6. 6.

    Jaffrés, J. B., Shields, G. A. & Wallmann, K. The oxygen isotope evolution of seawater: a critical review of a long-standing controversy and an improved geological water cycle model for the past 3.4 billion years. Earth Sci. Rev. 83, 83–122 (2007).

  7. 7.

    Galili, N. et al. The geologic history of seawater oxygen isotopes from marine iron oxides. Science 365, 469–473 (2019).

  8. 8.

    Garcia, A. K., Schopf, J. W., Yokobori, S.-i, Akanuma, S. & Yamagishi, A. Reconstructed ancestral enzymes suggest long-term cooling of Earth’s photic zone since the Archean. Proc. Natl Acad. Sci. USA 114, 4619–4624 (2017).

  9. 9.

    Kasting, J. F. et al. Paleoclimates, ocean depth, and the oxygen isotopic composition of seawater. Earth Planet. Sci. Lett. 252, 82–93 (2006).

  10. 10.

    Veizer, J. & Prokoph, A. Temperatures and oxygen isotopic composition of Phanerozoic oceans. Earth Sci. Rev. 146, 92–104 (2015).

  11. 11.

    Muehlenbachs, K. & Clayton, R. N. Oxygen isotope studies of fresh and weathered submarine basalts. Can. J. Earth Sci. 9, 172–184 (1972).

  12. 12.

    Muehlenbachs, K., Furnes, H., Fonneland, H. C. & Hellevang, B. Ophiolites as faithful records of the oxygen isotope ratio of ancient seawater: the Solund-Stavfjord Ophiolite Complex as a Late Ordovician example. Ophiolites Earth Hist. 218, 401–414 (2003).

  13. 13.

    Gregory, R. T. & Taylor, H. P. Jr An oxygen isotope profile in a section of Cretaceous oceanic crust, Samail Ophiolite, Oman: evidence for δ 18O buffering of the oceans by deep (>5 km) seawater-hydrothermal circulation at mid-ocean ridges. J. Geophys. Res. Solid Earth 86, 2737–2755 (1981).

  14. 14.

    Gregory, R. T. in Ophiolites in Earth History Vol. 218 (eds Dilek, Y. & Robinson, P. T.) 353–368 (Geological Society, 2003).

  15. 15.

    Turchyn, A. V. et al. Reconstructing the oxygen isotope composition of late Cambrian and Cretaceous hydrothermal vent fluid. Geochim. Cosmochim. Acta 123, 440–458 (2013).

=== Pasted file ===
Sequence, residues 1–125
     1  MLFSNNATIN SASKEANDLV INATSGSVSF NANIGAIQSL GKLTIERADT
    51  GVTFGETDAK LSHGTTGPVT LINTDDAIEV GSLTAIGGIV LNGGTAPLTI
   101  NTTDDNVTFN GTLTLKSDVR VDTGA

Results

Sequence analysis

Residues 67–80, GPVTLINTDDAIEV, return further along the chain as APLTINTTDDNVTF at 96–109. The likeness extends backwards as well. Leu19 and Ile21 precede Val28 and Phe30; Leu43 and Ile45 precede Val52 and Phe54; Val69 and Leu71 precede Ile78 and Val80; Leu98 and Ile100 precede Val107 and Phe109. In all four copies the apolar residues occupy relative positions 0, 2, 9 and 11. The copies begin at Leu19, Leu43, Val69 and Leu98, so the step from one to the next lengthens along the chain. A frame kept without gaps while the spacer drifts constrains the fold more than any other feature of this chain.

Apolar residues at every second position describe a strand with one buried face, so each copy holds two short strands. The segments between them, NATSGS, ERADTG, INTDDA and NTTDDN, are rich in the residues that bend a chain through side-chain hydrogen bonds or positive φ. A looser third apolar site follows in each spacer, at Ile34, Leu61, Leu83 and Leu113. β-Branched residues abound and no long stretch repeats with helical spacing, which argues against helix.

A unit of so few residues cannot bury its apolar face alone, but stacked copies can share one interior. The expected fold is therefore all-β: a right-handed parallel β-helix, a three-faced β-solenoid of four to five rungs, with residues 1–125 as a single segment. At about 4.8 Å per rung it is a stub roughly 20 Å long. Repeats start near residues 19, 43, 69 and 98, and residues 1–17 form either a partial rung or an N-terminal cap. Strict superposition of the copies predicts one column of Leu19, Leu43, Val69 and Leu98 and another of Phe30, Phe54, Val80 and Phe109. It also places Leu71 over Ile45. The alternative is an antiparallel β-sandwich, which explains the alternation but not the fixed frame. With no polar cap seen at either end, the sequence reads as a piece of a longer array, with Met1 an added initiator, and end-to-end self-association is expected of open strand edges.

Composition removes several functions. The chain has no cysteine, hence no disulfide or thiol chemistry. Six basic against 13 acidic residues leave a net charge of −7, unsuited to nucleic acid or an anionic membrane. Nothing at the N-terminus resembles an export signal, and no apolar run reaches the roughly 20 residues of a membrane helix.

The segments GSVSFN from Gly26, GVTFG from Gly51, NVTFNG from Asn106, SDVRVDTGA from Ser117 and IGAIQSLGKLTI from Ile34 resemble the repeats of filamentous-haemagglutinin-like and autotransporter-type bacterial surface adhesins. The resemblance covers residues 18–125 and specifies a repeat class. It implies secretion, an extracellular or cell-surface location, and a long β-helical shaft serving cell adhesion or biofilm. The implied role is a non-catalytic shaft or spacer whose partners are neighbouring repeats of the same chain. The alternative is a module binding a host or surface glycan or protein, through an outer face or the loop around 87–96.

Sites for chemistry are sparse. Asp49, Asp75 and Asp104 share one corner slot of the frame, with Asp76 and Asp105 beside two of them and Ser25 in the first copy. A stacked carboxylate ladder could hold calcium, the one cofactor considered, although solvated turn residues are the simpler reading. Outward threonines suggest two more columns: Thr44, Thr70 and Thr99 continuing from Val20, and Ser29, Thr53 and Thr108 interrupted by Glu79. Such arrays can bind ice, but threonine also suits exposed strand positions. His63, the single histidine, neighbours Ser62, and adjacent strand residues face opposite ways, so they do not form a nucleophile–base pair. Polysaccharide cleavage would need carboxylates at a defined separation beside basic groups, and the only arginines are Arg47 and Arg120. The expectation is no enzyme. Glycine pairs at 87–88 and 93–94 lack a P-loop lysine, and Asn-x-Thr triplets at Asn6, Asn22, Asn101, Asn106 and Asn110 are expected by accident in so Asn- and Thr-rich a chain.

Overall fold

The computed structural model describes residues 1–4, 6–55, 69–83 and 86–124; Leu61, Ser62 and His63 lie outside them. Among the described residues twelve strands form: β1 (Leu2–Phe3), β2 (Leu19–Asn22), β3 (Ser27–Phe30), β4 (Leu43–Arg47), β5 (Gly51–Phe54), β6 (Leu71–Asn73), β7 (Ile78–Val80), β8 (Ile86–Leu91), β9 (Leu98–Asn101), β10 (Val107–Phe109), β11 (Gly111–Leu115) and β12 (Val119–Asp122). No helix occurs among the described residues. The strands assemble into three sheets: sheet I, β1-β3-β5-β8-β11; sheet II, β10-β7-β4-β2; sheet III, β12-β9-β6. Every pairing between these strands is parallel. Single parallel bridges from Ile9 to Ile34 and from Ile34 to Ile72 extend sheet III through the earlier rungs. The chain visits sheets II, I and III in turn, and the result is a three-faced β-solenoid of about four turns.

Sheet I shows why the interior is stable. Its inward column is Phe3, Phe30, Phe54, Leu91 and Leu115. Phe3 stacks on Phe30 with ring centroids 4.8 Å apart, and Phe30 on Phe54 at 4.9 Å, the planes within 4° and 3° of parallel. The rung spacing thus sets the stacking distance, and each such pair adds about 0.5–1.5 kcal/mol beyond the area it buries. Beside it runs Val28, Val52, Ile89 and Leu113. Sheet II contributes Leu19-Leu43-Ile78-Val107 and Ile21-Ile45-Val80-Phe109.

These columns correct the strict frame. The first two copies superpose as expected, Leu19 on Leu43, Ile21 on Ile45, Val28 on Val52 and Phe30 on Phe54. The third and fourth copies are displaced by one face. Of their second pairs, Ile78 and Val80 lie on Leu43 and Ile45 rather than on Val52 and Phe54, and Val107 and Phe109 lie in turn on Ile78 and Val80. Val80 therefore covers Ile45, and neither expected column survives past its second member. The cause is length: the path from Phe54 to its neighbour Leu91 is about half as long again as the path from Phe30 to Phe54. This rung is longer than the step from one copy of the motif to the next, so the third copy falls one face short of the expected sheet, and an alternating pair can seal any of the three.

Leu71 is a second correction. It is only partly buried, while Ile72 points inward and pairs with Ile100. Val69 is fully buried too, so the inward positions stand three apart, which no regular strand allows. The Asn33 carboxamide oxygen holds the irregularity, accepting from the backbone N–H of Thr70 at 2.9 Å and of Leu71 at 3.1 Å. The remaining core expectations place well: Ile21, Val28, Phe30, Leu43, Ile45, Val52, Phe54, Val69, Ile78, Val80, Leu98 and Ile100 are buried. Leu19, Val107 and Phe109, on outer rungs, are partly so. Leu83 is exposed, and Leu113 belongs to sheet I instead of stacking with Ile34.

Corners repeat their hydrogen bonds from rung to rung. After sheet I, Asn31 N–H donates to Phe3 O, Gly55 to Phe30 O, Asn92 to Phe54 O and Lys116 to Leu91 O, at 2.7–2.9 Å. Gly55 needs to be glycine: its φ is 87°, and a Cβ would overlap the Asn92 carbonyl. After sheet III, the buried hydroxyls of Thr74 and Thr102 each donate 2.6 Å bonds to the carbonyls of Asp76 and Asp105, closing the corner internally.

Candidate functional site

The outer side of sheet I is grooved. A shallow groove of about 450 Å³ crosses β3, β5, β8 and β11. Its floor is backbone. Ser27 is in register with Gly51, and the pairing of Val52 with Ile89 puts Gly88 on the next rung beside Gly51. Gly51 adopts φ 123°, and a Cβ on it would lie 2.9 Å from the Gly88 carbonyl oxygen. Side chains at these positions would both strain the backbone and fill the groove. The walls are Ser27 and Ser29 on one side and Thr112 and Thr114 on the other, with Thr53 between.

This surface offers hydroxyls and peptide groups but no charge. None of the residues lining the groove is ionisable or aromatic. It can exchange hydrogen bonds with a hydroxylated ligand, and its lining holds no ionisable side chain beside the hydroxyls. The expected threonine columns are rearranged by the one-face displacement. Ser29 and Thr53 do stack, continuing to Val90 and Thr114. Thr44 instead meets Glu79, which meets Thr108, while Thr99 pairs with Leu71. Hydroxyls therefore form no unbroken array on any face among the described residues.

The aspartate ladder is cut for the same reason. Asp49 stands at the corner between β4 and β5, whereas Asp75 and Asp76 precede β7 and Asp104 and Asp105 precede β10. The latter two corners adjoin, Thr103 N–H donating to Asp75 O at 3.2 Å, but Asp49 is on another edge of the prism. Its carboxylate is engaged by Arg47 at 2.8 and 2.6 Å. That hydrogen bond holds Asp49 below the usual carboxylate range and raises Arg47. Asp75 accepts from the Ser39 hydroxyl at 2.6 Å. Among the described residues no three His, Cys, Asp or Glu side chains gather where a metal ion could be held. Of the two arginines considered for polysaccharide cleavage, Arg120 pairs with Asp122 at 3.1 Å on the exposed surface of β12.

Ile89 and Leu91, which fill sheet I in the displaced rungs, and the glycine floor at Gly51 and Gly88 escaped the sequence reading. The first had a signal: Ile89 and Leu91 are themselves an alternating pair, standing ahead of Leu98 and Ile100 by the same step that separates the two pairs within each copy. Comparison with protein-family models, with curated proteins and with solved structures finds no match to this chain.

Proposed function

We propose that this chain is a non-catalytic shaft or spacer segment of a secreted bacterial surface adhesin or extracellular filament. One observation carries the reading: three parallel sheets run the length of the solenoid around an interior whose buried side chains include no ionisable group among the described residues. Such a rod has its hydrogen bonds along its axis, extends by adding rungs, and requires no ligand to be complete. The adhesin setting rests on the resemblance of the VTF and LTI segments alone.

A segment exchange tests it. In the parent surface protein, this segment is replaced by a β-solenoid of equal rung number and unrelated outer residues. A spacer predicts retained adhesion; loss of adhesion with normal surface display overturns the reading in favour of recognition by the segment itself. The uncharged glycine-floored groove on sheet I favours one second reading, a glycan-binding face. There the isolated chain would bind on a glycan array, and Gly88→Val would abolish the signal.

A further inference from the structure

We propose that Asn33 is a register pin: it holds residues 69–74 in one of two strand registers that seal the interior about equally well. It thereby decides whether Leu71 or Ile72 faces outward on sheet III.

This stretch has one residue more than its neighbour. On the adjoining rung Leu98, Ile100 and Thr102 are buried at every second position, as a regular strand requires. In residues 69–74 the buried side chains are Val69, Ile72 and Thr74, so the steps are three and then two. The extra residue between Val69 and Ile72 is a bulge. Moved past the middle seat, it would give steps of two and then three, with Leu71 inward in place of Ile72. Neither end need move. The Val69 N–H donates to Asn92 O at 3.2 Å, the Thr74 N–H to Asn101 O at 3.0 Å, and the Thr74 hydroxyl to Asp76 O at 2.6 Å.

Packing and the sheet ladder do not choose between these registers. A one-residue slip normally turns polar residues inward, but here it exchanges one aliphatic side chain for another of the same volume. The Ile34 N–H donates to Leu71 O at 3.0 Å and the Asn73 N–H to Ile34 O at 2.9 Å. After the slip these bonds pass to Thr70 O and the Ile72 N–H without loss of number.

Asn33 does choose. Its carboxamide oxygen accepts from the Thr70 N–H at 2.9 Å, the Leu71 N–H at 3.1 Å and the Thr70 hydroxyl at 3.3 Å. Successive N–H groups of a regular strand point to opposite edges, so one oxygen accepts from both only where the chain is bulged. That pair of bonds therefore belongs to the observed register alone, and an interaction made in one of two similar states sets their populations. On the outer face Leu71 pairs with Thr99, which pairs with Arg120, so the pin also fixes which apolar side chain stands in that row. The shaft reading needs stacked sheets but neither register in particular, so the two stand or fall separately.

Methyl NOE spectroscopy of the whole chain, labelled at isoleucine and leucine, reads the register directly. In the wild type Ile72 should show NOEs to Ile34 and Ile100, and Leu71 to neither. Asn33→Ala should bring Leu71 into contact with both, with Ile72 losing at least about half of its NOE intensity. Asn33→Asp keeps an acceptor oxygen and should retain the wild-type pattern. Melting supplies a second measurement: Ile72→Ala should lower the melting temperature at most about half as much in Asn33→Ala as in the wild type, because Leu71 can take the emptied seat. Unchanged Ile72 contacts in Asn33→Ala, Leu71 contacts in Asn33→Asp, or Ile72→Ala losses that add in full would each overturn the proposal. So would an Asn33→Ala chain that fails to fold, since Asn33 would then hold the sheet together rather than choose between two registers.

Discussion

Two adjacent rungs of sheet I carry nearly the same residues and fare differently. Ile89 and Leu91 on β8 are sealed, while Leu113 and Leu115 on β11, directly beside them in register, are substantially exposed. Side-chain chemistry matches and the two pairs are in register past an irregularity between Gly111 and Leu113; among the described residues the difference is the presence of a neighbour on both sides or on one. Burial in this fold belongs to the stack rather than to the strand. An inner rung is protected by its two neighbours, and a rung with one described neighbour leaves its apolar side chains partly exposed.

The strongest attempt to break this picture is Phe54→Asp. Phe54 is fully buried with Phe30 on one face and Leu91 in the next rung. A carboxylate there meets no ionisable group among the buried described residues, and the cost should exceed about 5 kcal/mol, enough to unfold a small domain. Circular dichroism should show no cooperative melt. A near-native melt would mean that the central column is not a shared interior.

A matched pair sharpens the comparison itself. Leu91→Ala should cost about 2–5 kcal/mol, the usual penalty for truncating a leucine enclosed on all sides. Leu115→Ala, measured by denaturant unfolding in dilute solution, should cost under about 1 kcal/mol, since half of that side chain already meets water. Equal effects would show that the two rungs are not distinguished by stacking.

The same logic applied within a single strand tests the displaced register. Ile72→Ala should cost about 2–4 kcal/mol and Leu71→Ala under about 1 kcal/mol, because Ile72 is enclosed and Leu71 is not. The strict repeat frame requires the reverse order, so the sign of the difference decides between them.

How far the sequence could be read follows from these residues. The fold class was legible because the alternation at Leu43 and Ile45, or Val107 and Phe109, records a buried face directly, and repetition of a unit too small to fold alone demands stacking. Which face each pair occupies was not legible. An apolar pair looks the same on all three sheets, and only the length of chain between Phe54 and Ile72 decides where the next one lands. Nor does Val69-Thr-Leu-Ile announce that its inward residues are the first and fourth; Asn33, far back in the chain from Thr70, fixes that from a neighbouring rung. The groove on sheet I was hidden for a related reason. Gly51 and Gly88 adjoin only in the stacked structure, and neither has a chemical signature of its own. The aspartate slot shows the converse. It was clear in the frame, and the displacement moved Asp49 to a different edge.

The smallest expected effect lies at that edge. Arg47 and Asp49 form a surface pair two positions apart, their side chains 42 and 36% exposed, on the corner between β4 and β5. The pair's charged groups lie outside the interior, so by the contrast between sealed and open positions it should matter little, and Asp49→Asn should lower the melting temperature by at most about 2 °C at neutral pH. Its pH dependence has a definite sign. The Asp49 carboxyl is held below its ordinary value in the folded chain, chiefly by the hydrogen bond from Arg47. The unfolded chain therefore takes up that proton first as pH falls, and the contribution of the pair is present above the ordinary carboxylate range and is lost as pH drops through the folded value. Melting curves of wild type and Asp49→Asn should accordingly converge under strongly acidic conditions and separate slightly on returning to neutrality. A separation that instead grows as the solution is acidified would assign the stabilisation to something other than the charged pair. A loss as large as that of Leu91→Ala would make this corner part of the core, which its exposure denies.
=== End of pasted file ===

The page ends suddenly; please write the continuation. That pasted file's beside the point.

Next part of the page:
16. 16.

    Hodel, F. et al. Fossil black smoker yields oxygen isotopic composition of neoproterozoic seawater. Nat. Commun. 9, 1453 (2018).

  17. 17.

    DePaolo, D. J. Isotopic effects in fracture-dominated reactive fluid–rock systems. Geochim. Cosmochim. Acta 70, 1077–1096 (2006).

  18. 18.

    Norton, D. & Taylor, H. Jr Quantitative simulation of the hydrothermal systems of crystallizing magmas on the basis of transport theory and oxygen isotope data: an analysis of the Skaergaard intrusion. J. Petrol. 20, 421–486 (1979).

  19. 19.

    Wunsch, C. The Ocean Circulation Inverse Problem (Cambridge Univ. Press, 1996).

  20. 20.

    Wing, B. A. & Ferry, J. M. Three-dimensional geometry of metamorphic fluid flow during Barrovian regional metamorphism from an inversion of combined petrologic and stable isotopic data. Geology 30, 639–642 (2002).

  21. 21.

    Wing, B. A. & Ferry, J. M. Magnitude and geometry of reactive fluid flow from direct inversion of spatial patterns of geochemical alteration. Am. J. Sci. 307, 793–832 (2007).

  22. 22.

    Taylor, H. P. Water/rock interactions and the origin of H2O in granitic batholiths: thirtieth William Smith lecture. J. Geolog. Soc. 133, 509–558 (1977).

  23. 23.

    Cathles, L. M. in The Kuroko and Related Volcanogenic Massive Sulfide Deposits Vol. 5 (eds Ohmoto, H. & Skinner, B. J.) 439–487 (Economic Geology Publishing, 1983).

  24. 24.

    Taylor, H. P. Jr & Forester, R. W. An oxygen and hydrogen isotope study of the Skaergaard intrusion and its country rocks: a description of a 55-M.Y. old fossil hydrothermal system. J. Petrol. 20, 355–419 (1979).

  25. 25.

    Gillis, K. M., Muehlenbachs, K., Stewart, M., Gleeson, T. & Karson, J. Fluid flow patterns in fast spreading East Pacific Rise crust exposed at Hess Deep. J. Geophys. Res. Solid Earth 106, 26311–26329 (2001).